All DOI Bureaus and Offices must reasonably assure suitable information and service quality, consistent with the level of importance of the information, consistent with the Treasury and General Government Appropriations Act for Fiscal Year 2001: Public Law 106-554, “Guidelines for Ensuring and Maximizing the Quality, Objectivity, Utility and Integrity of Information Disseminated by Federal Information.
This Web site is regularly reviewed and monitored for compliance with DOI Information Quality Guidelines and policies.
Employment opportunities at the U.S. Department of the Interior (DOI) may be found through the DOI Jobs page.
To find U.S. government job opportunities worldwide, go to USAJOBS, the Federal Government"s official one-stop source for Federal jobs and employment.
The U.S. Department of the Interior complies with the No Fear Act requirements, closely monitors agency EEO and whistleblower complaint activity and acts expeditiously to resolve complaints at the administrative level when it is appropriate to do so.
The Department of the Interior No Fear Act information can be found at http://www.doi.gov/diversity/no_fear_act.html.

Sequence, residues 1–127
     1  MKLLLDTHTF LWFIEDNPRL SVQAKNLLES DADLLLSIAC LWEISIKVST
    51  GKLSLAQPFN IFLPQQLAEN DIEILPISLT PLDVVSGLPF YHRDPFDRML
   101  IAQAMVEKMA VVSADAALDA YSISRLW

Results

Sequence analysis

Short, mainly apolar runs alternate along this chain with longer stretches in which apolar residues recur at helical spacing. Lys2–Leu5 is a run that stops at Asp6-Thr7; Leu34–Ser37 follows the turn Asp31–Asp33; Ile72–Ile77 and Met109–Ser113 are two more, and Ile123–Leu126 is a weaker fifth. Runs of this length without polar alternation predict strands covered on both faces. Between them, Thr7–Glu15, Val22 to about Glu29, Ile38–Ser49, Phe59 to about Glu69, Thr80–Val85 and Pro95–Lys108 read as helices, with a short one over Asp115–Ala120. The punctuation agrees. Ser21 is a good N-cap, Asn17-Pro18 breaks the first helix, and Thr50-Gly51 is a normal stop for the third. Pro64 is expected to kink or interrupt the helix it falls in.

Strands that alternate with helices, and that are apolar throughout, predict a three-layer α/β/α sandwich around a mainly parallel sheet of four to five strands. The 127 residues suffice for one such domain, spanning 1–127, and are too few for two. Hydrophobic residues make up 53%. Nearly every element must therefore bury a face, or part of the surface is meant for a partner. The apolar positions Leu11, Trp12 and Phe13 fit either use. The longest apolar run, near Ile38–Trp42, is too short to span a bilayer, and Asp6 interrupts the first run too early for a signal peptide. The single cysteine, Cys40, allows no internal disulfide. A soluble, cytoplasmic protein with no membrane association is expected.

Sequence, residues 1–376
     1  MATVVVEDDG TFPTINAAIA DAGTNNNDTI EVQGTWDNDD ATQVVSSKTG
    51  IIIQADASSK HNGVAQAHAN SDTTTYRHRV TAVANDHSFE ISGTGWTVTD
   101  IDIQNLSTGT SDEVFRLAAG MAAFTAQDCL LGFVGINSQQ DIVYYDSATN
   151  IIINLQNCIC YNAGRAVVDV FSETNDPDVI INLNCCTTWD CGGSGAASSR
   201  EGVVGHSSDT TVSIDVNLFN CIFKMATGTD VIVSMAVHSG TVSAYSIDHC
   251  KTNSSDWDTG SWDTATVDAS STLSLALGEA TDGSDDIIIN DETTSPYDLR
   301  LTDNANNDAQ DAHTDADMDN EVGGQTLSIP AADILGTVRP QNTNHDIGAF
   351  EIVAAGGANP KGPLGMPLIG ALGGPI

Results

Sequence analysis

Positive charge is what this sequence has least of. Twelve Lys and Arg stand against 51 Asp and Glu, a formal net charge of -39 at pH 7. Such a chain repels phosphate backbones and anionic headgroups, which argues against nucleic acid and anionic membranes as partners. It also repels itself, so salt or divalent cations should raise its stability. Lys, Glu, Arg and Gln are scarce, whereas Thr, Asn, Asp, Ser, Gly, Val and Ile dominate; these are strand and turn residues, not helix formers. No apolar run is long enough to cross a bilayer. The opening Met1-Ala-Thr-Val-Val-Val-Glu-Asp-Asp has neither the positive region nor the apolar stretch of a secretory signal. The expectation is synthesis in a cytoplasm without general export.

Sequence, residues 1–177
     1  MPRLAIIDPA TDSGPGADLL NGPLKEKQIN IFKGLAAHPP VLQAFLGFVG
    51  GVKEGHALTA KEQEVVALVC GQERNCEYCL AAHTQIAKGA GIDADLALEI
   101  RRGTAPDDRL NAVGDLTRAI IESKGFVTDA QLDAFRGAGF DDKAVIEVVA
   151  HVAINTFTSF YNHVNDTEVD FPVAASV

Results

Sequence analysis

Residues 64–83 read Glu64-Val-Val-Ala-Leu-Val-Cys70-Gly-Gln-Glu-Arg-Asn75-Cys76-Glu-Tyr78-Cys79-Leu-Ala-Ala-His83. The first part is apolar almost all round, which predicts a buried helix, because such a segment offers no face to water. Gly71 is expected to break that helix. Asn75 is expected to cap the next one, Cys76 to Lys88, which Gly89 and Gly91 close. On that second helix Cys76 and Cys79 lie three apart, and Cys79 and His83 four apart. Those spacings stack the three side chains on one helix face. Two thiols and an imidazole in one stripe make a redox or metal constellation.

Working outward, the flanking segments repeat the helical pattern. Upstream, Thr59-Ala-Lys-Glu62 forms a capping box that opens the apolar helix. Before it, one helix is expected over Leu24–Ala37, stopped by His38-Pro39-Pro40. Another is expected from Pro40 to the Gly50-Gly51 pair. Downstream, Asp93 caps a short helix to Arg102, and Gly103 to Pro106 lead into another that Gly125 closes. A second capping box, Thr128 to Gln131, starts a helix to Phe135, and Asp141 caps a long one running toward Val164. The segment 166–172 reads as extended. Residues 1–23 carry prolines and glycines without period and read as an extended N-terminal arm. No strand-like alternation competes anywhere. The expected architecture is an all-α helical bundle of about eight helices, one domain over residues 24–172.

Section 207(f) (2) of the E-Government Act of 2002, requires each Federal Agency to:
The Department has developed a Schedule for Posting Content for DOI and its Bureaus and Offices. This information can be found here.
DOI and its Bureaus and Offices comply with the Government Performance Results Act of 1993, which requires organizations to make their annual performance plans available to the public.
DOI Performance and Accountability Reports are available at: http://www.doi.gov/ppp/.
The Small Business Paperwork Relief Act of 2002 requires that all organizations designate a single point of contact for small businesses. The DOI Office of Small and Disadvantaged Business Utilization serves as that single point of contact for the Department. Their Web site is located at: http://www.doi.gov/osdbu/.
All DOI and bureau Internet Web sites comply with Section 207(f)(1)(b)(iv) of the E-Gov Act of 2002, which requires organizations to have security protocols to protect information.
All DOI and bureau Internet Web sites comply with existing laws and directives that address the digital, copyright, trademark and patent rights of the public.